May 25, 2022

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A town on Norway's Arctic border with Russia freezes relations with its eastern neighbor

A town on Norway’s Arctic border with Russia freezes relations with its eastern neighbor

  • The city was a symbol of cross-border cooperation in the Arctic
  • Norwegians, Russians and Ukrainians live together
  • Companies rely on Russia, which reduces their relations

KIRKENES, Norway (Reuters) – Kirkenes, a Norwegian town a stone’s throw from Russia, has been a symbol of harmony across borders in the Arctic for more than three decades. It came to an end when Russia invaded Ukraine. Since then, people have adapted to the new realities.

One is the possibility that neighboring Finland will join Norway in NATO, and Finnish President Sauli Niinistö is expected to say on Thursday that it should apply to the military alliance. Read more

Companies here seek to reduce their reliance on doing business with Russia, even with Norway’s exceptions to international sanctions.

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Kirkenes residents can cross into Russia with a visa-free permit while Russians can come and work in the area. Of the town’s 3,500 residents, 400 are Russians. There are also about 30 Ukrainians.

After the Russian invasion of Ukraine on February 24, “many felt sad, angry and frustrated,” Lin Norum Berjing said,

Mayor of the municipality of Soer-Varanger which includes Kirkenes.

“It was a surreal time. We lived in peace for many years and now our neighbor is at war with one of her neighbours. It affected all of us,” she said from her office in the same Russian arena. consulate.

From Kirkenes, the Russian border is a 15-minute drive away while Finland is 50 minutes away. Both are closer than the neighboring Norwegian municipality.

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“It’s up to Finland to decide whether it wants to join NATO,” said Norm Berjing. “If they want it, we should welcome it. I am very happy that Norway is part of NATO.”

Reuters graphics

live together

Street signs in Norwegian and Russian have been put up for decades to welcome Russians. The mayor said a petition to take them down is now being circulated, although there aren’t enough signatures yet for the city council to discuss it.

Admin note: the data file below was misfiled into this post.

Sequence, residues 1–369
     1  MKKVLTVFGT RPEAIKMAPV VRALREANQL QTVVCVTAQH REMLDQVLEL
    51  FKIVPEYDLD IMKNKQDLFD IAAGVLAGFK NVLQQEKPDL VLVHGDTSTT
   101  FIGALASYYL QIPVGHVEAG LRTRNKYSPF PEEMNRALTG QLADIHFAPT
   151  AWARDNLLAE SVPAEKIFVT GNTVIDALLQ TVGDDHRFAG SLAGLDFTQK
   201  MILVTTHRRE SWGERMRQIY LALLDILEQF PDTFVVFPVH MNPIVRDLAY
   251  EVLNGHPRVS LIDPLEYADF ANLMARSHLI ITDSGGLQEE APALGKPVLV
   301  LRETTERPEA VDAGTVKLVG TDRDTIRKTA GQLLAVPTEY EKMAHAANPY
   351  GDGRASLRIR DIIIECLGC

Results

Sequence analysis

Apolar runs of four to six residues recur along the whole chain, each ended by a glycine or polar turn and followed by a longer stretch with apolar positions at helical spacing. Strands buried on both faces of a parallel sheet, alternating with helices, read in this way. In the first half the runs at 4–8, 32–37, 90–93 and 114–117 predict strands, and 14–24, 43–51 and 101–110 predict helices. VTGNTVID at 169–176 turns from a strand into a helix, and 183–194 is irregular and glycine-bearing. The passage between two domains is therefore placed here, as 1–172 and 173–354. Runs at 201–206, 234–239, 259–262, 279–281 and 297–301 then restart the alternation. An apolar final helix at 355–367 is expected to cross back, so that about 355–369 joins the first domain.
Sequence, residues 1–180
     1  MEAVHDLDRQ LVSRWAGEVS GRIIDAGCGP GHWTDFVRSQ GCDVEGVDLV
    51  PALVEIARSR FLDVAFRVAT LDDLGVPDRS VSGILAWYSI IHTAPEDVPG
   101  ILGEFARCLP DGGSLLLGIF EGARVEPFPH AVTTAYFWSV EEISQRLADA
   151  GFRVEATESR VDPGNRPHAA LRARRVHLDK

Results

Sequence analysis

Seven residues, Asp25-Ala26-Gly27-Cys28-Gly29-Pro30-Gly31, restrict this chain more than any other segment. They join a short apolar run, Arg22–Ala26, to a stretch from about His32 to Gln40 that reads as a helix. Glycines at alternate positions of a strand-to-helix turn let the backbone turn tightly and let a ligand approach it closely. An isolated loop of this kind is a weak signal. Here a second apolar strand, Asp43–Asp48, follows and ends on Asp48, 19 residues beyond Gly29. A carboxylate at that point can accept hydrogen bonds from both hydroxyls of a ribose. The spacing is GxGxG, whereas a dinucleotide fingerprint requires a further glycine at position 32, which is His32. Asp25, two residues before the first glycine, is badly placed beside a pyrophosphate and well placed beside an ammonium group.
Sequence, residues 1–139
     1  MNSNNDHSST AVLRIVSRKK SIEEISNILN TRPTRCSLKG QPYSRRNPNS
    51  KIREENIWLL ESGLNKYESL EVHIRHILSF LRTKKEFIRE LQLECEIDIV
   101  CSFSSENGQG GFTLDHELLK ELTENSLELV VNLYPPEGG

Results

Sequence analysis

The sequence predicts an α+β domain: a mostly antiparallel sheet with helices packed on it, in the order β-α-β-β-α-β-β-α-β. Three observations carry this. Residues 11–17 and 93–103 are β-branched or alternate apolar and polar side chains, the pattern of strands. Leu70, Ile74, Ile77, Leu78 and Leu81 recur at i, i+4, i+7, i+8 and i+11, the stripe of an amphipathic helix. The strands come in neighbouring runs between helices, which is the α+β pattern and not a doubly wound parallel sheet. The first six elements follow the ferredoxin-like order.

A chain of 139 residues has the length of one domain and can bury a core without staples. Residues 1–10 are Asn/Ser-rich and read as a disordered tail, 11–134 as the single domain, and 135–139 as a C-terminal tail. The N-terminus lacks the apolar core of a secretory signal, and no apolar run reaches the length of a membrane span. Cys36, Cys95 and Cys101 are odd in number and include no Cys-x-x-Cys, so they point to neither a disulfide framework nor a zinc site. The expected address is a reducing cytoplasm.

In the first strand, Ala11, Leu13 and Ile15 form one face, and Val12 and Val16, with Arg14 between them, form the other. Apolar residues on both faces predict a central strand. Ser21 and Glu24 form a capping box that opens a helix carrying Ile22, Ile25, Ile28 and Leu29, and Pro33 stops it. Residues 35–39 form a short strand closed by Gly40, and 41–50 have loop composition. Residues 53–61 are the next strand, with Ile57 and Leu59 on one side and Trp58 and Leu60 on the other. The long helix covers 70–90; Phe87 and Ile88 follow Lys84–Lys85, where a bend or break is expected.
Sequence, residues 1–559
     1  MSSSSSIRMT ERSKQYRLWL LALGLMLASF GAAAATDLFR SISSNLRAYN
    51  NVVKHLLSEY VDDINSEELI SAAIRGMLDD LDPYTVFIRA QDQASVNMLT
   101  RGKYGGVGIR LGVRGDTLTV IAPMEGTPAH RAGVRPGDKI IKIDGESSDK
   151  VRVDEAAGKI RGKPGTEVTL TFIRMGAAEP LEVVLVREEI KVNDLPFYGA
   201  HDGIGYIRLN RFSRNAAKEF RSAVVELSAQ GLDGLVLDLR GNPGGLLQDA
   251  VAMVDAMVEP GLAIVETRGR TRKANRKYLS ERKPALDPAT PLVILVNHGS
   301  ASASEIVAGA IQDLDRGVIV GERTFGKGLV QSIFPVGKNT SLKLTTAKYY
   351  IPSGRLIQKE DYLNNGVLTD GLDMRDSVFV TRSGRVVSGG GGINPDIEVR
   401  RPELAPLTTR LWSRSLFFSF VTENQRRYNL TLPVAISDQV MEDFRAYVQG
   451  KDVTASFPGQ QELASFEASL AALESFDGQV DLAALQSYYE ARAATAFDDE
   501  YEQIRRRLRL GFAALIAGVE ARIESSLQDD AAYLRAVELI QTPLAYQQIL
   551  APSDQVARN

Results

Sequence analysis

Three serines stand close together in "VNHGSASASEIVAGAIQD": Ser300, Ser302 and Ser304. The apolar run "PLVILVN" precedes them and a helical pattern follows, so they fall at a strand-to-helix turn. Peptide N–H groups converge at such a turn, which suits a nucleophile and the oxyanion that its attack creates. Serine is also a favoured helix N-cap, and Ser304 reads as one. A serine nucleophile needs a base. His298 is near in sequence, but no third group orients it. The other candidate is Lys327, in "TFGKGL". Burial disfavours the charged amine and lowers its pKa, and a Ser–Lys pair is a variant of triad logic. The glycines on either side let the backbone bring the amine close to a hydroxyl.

Ross residents who spoke to Reuters said they still feel as welcome as they did before the invasion.

“I had no problems, no one came to me and said ‘Hello, you are Russian,'” welder Gleb Karyunov, 43, said during a break in his shift at the Kemik shipyard.

Similarly, a Ukrainian refugee who arrived in Kirkenes in April said the Russians she met were “very kind” to her.

said Katerina Bezrok, 27, a teacher who fled the eastern Luhansk region with her two-year-old daughter, Arina, and now lives with her aunt.

Some find new meaning for their work. Yevgeny Guman, a theater director from Murmansk who has lived in Kirkenes since January, works with Russian artists in exile to bring different voices to Russia, far from military officials.

The 42-year-old said at the art gallery that includes a regional group of curators and artists, Girls on the Bridge.

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economic hit

At the Kimek shipyard, which last year earned 70% of its revenue from Russian fit-for ships, CEO Greger Mannsverk is concerned about restructuring the company without losing 80 employees to other employers, including 15 Russians.

While non-EU Norway has implemented most international sanctions, it has not closed its ports to Russian fishing vessels, a lifeline for Norwegian Arctic ports like Kirkenes.

He said that Mansverk would have laid off half of the shipyard’s workers had Norway applied that particular penalty. Kimek’s Murmansk facility continues to operate independently of the main Kirkenes facility.

“I am planning a future in which Russian customers will not be the main customers. The ratio today is 70%, maybe it should be 20%,” he said in the courtyard of the cave where a Russian fishing vessel is being outfitted.

Will cross-border cooperation sometimes fully resume in the future? Norwegian Prime Minister Jonas Gahr Stoere hopes that will happen.

“There will be a day after that, I don’t know when,” he said during a visit to the town. “I think the spirit of the people who live in this municipality is that boundaries have to be respected, but there must also be connections. We have to live through them.”

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Additional reporting by Juladis Foch in Kirkenes and Victoria Keleste in Oslo; Editing by Angus Maxwan

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